In Texas border patrol sectors, more than twice the number of illegal aliens were apprehended in November of last year than in the year prior, according to the most recent update by U.S. Customs and Border Protection (CBP).
The U.S. Department of Homeland Security (DHS) has continued to deport illegal aliens under Title 42 of the U.S. Code, which allows the federal government to prevent the “introduction” of foreign individuals when the surgeon general has determined there is a risk of spreading a communicable disease.
In its most recent operational update, CBP indicated that in November Title 42 was the basis for just over half of the expulsions of illegal aliens in the U.S., including about two-thirds of single adults.
The law was originally invoked by Trump to respond to the COVID-19 pandemic, and DHS Secretary Alejandro Mayorkas has fought in the courts to keep the policy, calling it a “public health imperative.”
Another measure taken by President Trump that has outlasted his presidency is the Migrant Protection Protocols (MPP), also called the remain in Mexico policy.
When the Trump administration unveiled the policy in January 2019, DHS defined the program as “a U.S. Government action whereby certain foreign individuals entering or seeking admission to the U.S. from Mexico – illegally or without proper documentation – may be returned to Mexico and wait outside of the U.S. for the duration of their immigration proceedings, where Mexico will provide them with all appropriate humanitarian protections for the duration of their stay.”
Last year, a federal judge in Amarillo ordered the federal government to resume the Migrant Protection Protocols (MPP) partially on the grounds that the Biden administration had violated the Administrative Procedures Act by withdrawing the program. The decision followed a lawsuit by Texas Attorney General Ken Paxton and Missouri Attorney General Eric Schmitt.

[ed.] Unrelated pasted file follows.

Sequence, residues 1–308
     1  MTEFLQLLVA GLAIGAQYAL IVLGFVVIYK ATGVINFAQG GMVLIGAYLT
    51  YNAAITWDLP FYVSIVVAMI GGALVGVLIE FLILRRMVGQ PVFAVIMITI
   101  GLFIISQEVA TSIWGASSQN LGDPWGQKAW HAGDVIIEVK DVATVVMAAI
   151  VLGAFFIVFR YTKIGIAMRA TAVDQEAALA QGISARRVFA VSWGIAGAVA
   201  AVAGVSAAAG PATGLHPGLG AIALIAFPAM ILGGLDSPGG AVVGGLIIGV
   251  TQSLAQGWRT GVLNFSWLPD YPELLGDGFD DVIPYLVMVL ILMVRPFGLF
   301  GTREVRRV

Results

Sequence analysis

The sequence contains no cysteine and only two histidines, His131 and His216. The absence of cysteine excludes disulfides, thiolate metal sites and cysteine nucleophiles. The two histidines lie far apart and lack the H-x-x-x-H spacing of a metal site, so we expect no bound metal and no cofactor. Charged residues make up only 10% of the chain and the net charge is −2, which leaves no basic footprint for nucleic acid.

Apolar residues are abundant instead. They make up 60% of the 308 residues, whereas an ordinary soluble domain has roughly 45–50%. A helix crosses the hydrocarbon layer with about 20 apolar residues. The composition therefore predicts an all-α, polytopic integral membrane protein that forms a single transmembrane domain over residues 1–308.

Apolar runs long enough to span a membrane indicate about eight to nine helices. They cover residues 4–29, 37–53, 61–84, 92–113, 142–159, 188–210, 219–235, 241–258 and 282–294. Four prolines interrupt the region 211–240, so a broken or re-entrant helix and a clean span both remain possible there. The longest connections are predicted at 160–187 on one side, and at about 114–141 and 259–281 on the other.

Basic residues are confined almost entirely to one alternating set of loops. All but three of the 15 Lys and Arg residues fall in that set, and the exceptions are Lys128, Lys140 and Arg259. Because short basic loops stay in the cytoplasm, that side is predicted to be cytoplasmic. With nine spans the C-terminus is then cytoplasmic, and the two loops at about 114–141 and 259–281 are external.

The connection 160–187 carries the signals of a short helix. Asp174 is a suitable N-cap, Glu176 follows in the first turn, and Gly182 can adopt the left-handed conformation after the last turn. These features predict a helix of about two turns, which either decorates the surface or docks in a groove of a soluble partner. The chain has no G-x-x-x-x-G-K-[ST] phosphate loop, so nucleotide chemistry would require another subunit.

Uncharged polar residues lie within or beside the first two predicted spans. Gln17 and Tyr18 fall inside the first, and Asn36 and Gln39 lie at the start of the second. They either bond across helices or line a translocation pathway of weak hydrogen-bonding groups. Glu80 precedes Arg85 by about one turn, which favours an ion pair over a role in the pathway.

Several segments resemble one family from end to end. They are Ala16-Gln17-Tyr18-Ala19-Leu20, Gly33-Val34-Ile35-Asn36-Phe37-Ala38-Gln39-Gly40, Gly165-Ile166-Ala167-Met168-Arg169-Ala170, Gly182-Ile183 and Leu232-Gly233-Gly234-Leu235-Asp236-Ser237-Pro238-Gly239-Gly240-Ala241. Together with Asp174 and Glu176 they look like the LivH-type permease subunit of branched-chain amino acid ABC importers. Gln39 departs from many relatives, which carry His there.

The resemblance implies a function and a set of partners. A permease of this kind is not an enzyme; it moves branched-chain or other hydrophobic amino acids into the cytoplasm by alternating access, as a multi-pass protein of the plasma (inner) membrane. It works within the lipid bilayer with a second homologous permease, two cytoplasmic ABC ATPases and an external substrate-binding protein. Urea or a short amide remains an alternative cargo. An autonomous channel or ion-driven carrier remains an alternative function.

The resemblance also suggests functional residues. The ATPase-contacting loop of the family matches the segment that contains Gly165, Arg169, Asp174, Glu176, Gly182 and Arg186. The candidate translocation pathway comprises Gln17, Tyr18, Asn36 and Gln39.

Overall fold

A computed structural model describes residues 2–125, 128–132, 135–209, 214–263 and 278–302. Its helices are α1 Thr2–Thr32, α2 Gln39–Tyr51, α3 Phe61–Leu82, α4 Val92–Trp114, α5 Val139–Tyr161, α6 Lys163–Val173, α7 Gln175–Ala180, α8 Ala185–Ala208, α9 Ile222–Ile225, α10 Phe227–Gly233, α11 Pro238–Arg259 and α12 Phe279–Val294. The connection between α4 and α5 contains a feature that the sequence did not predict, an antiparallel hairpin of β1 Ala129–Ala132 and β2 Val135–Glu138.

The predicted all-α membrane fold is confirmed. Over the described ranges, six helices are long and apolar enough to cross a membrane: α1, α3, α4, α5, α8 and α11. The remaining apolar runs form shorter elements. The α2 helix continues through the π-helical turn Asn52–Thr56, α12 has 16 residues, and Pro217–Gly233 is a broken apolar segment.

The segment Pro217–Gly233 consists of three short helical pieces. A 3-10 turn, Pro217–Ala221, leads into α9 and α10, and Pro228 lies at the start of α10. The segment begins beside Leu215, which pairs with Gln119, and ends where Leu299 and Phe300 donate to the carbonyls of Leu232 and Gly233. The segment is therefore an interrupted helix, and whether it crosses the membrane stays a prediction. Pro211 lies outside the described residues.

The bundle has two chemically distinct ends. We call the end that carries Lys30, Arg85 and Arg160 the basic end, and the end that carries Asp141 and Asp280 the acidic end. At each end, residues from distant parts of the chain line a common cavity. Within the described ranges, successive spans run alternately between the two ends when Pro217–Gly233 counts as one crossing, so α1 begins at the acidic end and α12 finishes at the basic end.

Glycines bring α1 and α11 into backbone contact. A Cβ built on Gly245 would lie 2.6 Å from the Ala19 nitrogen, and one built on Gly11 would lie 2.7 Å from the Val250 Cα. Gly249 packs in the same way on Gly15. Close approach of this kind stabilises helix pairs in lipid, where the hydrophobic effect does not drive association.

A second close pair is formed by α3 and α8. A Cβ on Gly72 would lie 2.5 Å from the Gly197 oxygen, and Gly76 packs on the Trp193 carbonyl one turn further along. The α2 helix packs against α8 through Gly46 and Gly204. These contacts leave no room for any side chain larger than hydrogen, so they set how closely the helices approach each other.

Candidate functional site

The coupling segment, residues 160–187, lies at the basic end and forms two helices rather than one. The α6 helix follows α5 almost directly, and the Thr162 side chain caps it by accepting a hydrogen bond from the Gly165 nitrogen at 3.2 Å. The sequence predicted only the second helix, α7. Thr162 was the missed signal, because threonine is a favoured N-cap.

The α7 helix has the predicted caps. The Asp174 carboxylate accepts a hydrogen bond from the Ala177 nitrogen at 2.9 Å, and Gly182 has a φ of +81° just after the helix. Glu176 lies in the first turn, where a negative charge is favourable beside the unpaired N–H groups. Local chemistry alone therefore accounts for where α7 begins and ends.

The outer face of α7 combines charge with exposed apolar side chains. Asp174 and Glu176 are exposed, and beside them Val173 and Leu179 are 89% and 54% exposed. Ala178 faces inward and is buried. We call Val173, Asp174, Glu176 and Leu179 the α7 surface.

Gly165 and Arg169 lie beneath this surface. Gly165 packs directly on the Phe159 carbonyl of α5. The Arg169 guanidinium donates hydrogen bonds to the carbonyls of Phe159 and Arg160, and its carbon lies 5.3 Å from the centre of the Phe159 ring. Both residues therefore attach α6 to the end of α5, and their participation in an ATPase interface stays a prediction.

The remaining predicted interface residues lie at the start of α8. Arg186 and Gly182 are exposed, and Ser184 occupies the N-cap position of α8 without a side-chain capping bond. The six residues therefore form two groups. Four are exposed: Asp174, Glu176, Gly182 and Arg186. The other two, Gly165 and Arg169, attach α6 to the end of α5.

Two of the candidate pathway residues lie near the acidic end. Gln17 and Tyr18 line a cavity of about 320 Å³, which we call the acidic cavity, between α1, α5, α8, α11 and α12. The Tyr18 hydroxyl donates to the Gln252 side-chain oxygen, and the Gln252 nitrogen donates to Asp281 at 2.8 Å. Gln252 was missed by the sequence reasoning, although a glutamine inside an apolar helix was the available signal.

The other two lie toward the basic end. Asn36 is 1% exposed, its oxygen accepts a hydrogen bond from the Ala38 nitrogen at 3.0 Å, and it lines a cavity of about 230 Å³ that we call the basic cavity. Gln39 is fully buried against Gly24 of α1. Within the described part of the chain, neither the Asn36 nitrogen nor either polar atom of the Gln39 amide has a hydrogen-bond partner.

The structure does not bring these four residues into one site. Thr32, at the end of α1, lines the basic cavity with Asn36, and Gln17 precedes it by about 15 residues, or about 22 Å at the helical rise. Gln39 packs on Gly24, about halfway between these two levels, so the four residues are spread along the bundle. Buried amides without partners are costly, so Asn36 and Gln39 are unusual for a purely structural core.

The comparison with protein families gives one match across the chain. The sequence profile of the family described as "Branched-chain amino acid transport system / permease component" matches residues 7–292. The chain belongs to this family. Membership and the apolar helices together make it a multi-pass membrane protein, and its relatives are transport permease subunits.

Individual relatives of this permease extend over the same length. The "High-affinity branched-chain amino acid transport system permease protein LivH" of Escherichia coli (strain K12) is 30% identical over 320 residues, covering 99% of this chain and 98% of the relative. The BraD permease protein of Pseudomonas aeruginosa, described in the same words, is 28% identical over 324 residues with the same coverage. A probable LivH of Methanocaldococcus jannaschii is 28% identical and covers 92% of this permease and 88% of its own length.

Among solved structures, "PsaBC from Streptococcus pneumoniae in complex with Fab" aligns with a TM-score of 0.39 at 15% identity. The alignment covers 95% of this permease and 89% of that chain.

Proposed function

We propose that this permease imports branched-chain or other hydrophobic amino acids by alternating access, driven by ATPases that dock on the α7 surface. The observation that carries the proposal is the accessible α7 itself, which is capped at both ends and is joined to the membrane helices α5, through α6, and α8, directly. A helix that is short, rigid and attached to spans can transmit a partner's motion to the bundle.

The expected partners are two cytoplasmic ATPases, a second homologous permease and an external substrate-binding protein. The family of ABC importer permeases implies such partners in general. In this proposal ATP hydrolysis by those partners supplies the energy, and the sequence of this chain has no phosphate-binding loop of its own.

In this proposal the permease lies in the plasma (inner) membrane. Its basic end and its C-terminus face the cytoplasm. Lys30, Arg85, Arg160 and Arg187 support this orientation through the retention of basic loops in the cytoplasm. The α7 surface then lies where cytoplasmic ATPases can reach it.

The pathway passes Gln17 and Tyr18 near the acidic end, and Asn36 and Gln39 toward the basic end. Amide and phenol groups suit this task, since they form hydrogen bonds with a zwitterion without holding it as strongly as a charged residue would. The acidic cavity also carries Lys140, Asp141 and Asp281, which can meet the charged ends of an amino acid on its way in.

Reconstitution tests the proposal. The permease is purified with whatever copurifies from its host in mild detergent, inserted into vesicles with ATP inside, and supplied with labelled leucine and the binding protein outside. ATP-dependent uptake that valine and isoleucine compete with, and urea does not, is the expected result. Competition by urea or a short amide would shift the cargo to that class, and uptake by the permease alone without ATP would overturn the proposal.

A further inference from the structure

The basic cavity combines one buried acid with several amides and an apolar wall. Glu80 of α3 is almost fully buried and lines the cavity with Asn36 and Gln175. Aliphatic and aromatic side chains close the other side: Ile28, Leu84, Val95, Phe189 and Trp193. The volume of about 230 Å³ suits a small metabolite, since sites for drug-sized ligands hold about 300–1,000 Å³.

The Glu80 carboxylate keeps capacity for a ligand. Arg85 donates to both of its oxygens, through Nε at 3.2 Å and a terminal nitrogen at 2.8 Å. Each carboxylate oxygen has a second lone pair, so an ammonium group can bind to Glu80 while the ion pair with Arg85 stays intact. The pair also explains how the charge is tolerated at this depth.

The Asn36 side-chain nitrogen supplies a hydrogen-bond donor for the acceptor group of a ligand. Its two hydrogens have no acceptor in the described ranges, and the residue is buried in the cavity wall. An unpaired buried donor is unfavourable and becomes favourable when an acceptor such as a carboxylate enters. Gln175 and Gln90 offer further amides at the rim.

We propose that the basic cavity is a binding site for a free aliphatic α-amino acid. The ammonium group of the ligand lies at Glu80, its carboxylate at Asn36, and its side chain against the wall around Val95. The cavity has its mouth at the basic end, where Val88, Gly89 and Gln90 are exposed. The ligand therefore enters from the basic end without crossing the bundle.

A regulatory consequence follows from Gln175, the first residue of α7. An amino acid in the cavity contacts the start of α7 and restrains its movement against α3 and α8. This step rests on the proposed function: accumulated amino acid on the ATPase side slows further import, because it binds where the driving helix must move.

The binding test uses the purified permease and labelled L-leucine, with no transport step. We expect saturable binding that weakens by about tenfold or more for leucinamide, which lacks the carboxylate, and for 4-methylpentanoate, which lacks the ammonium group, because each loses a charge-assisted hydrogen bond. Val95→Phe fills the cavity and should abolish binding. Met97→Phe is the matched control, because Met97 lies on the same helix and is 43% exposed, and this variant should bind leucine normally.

As it begrudgingly reintroduces the MPP, the Biden administration indicated Monday in a conference call that it would try to provide lawyers and other assistance, such as internet access at shelters in Mexico, to those waiting to claim asylum near the U.S.-Mexico border, according to a report from ABC News.
In October, Mayorkas authored a new memo to end the remain in Mexico policy hoping it would satisfy the courts. The Fifth Circuit Court of Appeals rejected his effort in early December, but last week DHS again asked the U.S. Supreme Court to hear its case.
“Just when you thought the #BidenBorderCrisis couldn’t get worse,” Sen. John Cornyn (R-TX) tweeted last week in response to the development.
The White House has sought policies that would ostensibly be more compassionate toward those in the country illegally. However, it has also had to grapple with the perception that this leniency is an invitation.
In September of last year, there was a surge of tens of thousands of mostly Haitian illegal aliens in Del Rio. One of the factors that could have contributed to the influx was a misunderstanding that Haitian nationals would be allowed to stay in the U.S. via temporary protected status and canceled deportation flights. It was reported that many had been in the vicinity of the southern border for years before entering, hoping to make a claim of asylum.
Disclosure: Unlike almost every other media outlet, The Texan is not beholden to any special interests, does not apply for any type of state or federal funding, and relies exclusively on its readers for financial support. If you’d like to become one of the people we’re financially accountable to, click here to subscribe.
Hayden Sparks is a senior reporter for The Texan and a lifelong resident of the Lone Star State. He has coached competitive speech and debate and has been involved in politics since a young age. One of Hayden's favorite quotes is by Sam Houston: "Texas has yet to learn submission to any oppression, come from what source it may."